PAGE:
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Re: Full Specification

``Full compliance with a semantic model'' does not necessarily imply that, for
example, the SET! form must have a defined return value.  It simply means that
the semantics must show a small piece of nondeterminism, in the same way that it
now uses the ``implementation-dependent'' function ``permute'' in order to dodge
the question of argument evaluation order.

You say ``one really expects the definitions in a body to be accomplished in
order''.  I don't.  Maybe I'm strange, but I've never considered using internal
define's for anything but local procedures, whose order of evaluation is

I am opposed strongly to all three of your proposals.

I have never believed that the return value of things like ``write'' and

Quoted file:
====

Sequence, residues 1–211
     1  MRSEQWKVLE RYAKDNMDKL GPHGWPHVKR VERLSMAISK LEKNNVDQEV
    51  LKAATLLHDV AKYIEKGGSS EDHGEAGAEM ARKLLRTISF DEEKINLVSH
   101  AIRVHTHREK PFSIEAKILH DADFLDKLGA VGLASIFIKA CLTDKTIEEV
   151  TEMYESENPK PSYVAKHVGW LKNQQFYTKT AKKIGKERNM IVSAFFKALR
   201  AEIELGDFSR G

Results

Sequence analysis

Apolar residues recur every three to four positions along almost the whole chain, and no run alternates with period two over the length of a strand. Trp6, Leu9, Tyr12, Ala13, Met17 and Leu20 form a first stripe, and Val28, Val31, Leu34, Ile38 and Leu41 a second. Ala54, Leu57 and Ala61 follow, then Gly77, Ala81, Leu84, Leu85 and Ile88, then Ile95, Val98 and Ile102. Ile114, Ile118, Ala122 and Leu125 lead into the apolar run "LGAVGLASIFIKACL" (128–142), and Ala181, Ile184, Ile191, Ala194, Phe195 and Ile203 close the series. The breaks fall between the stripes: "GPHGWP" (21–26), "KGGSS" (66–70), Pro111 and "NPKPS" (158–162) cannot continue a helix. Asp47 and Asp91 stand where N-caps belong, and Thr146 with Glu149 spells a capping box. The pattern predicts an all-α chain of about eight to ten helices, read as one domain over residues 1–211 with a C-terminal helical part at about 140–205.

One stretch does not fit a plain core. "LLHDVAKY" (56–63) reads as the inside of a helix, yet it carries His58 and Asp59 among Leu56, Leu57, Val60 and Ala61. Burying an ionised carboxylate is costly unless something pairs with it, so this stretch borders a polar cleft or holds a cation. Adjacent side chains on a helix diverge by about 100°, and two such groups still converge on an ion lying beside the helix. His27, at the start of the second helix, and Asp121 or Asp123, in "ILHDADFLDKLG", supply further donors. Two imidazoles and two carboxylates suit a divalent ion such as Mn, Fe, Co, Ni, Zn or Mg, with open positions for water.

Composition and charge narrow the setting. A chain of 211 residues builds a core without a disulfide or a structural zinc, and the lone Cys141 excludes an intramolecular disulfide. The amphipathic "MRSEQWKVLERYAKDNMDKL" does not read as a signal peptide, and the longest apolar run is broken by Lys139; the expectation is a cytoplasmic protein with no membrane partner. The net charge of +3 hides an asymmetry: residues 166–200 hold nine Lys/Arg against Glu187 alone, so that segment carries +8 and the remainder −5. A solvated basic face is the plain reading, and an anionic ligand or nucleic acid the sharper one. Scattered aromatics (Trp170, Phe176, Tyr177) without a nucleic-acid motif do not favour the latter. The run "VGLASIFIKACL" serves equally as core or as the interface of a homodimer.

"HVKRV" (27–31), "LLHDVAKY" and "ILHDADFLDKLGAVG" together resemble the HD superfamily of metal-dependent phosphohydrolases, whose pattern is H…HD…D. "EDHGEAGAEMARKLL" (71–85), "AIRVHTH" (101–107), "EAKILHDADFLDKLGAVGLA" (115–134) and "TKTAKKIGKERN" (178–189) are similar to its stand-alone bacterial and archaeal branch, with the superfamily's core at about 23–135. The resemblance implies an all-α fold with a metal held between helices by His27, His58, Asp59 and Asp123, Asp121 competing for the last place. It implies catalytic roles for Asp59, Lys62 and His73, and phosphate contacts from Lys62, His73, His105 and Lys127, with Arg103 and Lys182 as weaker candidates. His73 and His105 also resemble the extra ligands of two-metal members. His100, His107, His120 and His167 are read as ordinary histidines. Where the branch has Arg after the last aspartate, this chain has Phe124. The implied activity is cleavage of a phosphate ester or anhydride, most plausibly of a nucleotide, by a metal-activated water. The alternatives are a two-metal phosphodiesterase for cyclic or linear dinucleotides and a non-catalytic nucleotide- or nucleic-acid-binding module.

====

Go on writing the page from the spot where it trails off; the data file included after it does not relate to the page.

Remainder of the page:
``set-car!'' had a reasonable justification in languages like Common Lisp and it
makes more sense for these procedures (and the set! expression) to return no
value at all.  I find code that uses the return value of such constructs
considerably harder to read.  Code that does not do this is, yes, frequently
more verbose, but always more readable.

A significant source of first-level optimization is the lack of a defined
argument-evaluation order in the language.  It is almost always more convenient,
for example, to evaluate the function form last, after all of the arguments have
been evaluated.  Also, in my experience, code that depends upon left-to-right
order (in those languages that guarantee it) is again always harder to read.

Requiring the implementation of internal defines to signal an error if
<undefined> is referenced is quite possibly too expensive for many applications.
In addition, I dislike the notion of encouraging people to write series of
internal defines that are sensitive to evaluation order.  It goes against what I
consider to be the clean and readable purpose of such defines: binding local

       ``And of course there are more, but that is enough to test the water.''

This reader sees sharks in the water...